Top iPhone photos show waning app addiction

Kenan Aktulun founded the iPhone Photography Awards (IPPA) the same year the smartphone launched, when the idea that taking great pics with a camera phone was still pretty optimistic.

Seven years later, iPhone photography has developed to the point of documenting New York Times war coverage and tops four out of five of the most-used cameras on Flickr.

This year’s IPPA winners cover a suitably broad range of the world (54 photographers from 17 countries) and topics ranging from kids and architecture to landscapes and food.

Entrants can use filters and apps, but not Photoshop, and in the past some digital shutterbugs have gone a little too app happy. “Hipstamatic is the obvious one that’s overused on many entries,” Aktulun says. “The one that really stands out is VSCO Cam, which has a very nice tones to it. Over all, we had more entries with no heavy app use this year than the past years.”

After looking at gazillions of digital snaps over the years, Aktulun has some definite ideas about why iPhoneography is here to stay.

“You’re not carrying an iPhone because you’re taking pictures. One of the great things about the iPhone camera is that when you see and feel a moment that triggers an emotion it’s there with you, and you capture that,” he says. The biggest difference is that you don’t take a picture because you have the iPhone, you feel the moment and it happens to be with you.”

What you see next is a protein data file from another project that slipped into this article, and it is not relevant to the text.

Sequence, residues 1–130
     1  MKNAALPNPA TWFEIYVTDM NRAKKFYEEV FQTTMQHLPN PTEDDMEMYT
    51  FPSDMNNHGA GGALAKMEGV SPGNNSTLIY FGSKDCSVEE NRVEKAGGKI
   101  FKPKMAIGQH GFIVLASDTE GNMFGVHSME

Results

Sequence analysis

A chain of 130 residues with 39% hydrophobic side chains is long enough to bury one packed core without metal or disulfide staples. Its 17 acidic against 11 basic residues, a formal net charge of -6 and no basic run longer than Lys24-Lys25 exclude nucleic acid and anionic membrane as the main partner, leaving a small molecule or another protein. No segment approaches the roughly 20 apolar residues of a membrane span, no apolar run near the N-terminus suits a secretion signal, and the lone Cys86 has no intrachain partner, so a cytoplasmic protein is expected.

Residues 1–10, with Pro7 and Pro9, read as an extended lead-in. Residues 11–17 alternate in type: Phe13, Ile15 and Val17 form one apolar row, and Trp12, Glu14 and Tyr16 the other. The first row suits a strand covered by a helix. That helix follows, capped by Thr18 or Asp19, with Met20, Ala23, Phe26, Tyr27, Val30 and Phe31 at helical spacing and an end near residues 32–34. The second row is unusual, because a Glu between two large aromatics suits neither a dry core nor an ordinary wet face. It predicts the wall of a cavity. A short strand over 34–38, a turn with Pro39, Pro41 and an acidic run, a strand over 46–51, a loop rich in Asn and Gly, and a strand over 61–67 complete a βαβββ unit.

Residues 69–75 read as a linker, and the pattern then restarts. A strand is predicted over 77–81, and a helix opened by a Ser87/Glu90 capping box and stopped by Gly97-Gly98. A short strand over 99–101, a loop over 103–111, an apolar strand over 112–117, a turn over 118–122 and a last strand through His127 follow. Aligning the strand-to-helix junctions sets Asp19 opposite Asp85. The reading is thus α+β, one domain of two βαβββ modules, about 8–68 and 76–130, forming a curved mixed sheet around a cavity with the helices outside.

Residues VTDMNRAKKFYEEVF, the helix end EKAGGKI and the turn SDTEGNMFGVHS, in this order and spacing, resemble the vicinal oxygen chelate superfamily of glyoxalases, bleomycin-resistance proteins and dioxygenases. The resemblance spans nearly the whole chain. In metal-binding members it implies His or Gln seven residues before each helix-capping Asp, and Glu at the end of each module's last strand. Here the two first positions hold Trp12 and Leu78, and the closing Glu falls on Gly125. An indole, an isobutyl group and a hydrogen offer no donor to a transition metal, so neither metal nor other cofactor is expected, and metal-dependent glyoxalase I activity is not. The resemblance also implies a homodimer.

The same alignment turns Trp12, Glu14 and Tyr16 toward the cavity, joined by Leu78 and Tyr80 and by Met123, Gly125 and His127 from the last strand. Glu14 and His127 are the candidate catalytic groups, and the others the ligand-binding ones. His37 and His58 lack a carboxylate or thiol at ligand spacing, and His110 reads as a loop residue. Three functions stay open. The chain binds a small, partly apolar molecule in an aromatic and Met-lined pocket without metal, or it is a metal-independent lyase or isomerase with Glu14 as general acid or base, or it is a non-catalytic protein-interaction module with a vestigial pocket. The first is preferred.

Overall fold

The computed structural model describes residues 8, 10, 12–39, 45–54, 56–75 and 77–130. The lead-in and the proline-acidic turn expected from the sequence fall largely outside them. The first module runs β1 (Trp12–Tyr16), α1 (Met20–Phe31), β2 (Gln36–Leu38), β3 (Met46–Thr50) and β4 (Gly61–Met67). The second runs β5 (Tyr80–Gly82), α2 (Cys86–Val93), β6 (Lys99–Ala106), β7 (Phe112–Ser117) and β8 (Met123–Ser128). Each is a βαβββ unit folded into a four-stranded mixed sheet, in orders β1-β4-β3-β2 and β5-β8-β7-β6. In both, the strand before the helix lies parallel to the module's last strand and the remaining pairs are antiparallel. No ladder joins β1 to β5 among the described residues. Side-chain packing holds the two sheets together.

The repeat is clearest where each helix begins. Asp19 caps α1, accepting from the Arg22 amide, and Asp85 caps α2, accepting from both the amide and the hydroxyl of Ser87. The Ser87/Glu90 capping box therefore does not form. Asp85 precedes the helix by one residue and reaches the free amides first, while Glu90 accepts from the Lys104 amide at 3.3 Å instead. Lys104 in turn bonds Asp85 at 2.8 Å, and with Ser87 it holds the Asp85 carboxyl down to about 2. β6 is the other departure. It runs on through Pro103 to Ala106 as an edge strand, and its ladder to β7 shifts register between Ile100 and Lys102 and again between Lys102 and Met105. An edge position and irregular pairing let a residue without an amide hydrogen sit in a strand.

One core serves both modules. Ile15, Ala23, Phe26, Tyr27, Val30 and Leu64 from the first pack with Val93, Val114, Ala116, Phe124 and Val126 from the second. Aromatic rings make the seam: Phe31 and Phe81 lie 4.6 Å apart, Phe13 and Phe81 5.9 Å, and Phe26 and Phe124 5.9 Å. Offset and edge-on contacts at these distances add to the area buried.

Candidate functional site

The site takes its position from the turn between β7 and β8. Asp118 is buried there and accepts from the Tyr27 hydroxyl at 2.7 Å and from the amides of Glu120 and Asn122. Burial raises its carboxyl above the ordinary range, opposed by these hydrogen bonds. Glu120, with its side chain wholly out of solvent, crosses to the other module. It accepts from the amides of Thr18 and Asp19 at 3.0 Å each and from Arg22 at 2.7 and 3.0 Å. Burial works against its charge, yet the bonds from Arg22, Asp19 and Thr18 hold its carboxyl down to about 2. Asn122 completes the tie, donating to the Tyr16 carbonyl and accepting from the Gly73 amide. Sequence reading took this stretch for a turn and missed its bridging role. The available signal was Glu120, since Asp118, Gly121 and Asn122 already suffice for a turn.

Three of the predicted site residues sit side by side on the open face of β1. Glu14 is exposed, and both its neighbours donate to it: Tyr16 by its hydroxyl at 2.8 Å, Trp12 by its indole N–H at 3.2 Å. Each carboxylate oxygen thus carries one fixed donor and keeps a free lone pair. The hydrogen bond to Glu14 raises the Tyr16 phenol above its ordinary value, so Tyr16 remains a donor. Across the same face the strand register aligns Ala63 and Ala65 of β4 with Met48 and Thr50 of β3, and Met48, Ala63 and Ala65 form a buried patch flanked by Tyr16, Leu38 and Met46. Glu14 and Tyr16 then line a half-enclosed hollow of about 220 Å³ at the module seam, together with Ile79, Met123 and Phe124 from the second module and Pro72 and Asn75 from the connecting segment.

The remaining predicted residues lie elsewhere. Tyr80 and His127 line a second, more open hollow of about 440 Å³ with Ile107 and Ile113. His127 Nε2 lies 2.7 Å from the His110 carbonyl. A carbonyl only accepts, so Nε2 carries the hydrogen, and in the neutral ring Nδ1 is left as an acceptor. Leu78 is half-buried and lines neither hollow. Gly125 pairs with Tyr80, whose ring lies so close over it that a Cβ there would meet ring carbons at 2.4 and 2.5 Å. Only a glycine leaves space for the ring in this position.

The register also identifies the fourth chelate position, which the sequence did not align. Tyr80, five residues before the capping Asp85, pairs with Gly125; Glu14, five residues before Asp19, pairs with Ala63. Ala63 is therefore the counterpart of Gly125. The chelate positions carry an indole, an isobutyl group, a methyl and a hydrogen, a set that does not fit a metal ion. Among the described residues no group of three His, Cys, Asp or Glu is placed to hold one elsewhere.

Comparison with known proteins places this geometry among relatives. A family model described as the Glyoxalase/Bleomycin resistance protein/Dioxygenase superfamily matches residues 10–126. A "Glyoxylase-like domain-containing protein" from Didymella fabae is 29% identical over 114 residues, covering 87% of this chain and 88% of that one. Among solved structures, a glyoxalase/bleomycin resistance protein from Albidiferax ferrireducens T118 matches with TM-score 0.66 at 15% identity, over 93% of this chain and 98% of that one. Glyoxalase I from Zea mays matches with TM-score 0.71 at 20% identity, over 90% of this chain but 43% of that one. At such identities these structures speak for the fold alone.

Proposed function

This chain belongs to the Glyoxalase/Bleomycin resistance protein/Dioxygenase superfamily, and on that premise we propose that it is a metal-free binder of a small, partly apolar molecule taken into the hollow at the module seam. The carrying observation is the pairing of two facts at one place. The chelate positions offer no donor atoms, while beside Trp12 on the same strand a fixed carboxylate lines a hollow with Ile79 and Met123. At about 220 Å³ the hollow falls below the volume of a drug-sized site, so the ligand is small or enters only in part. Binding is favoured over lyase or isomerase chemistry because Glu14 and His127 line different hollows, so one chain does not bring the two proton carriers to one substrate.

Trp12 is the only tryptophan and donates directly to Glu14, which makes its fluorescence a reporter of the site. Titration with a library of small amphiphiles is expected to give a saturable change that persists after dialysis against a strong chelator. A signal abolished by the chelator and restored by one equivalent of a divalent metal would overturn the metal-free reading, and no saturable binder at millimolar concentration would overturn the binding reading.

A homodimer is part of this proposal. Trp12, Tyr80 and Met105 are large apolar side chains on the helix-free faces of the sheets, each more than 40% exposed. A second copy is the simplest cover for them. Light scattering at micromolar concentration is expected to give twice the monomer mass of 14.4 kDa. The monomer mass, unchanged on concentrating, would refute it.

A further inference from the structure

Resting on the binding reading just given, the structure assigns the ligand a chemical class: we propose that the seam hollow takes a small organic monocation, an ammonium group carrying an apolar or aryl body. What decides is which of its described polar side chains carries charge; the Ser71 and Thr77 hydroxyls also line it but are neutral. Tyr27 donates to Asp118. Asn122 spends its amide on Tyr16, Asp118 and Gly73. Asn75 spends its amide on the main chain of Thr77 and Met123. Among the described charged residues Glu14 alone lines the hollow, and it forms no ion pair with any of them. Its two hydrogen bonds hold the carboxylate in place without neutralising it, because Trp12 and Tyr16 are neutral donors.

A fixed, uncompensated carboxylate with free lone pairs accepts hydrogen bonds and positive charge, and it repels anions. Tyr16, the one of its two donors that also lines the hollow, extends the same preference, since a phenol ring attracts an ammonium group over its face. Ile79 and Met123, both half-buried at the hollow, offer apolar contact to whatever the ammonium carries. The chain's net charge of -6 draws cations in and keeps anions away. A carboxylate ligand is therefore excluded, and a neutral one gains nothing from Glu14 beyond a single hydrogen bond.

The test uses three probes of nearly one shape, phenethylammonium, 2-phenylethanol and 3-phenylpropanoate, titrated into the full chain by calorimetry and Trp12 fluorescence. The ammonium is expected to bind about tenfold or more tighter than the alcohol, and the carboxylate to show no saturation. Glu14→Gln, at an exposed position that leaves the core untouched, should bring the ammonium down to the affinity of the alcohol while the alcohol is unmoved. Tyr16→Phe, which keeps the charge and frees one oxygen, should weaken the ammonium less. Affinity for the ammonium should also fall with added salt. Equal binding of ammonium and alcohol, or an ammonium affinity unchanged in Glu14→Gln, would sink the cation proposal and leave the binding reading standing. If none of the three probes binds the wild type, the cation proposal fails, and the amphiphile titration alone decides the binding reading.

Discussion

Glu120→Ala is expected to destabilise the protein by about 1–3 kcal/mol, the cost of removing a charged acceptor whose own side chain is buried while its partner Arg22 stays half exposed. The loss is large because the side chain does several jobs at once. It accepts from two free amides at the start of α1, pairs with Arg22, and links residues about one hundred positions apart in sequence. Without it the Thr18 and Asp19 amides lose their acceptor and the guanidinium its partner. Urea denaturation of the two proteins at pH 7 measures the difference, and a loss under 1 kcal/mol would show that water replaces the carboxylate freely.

Here are some of our favorite snaps — soaring architecture, luscious food, stark portraits — from the first, second and third place IPPA 2014 winners.

  • Jared Porter

    “Waning app addiction”? What does the headline have to do with the story???

    • AAPL_@_$101_Is_A_Done_Deal_:)

      I thought he was just using the headline as sarcasm. There are all these talking heads claiming iPhone apps are no longer being downloaded as much as they used to be and how Apple’s App Store is dying.

    • 2oh1

      It’s just poorly written. I assume what the author meant to say is that heavy filter use has possibly peaked and may be declining. After all, you can’t take a photo with an iPhone without using an app, even if it’s just the Apple camera app.

About the author

Nicole MartinelliNicole Martinelli is a San Francisco freelance writer who heads up Cult of Mac Magazine, our weekly publication available on iTunes. You can find her on Twitter and Google+. If you're doing something new, cool and Apple-related, email her.

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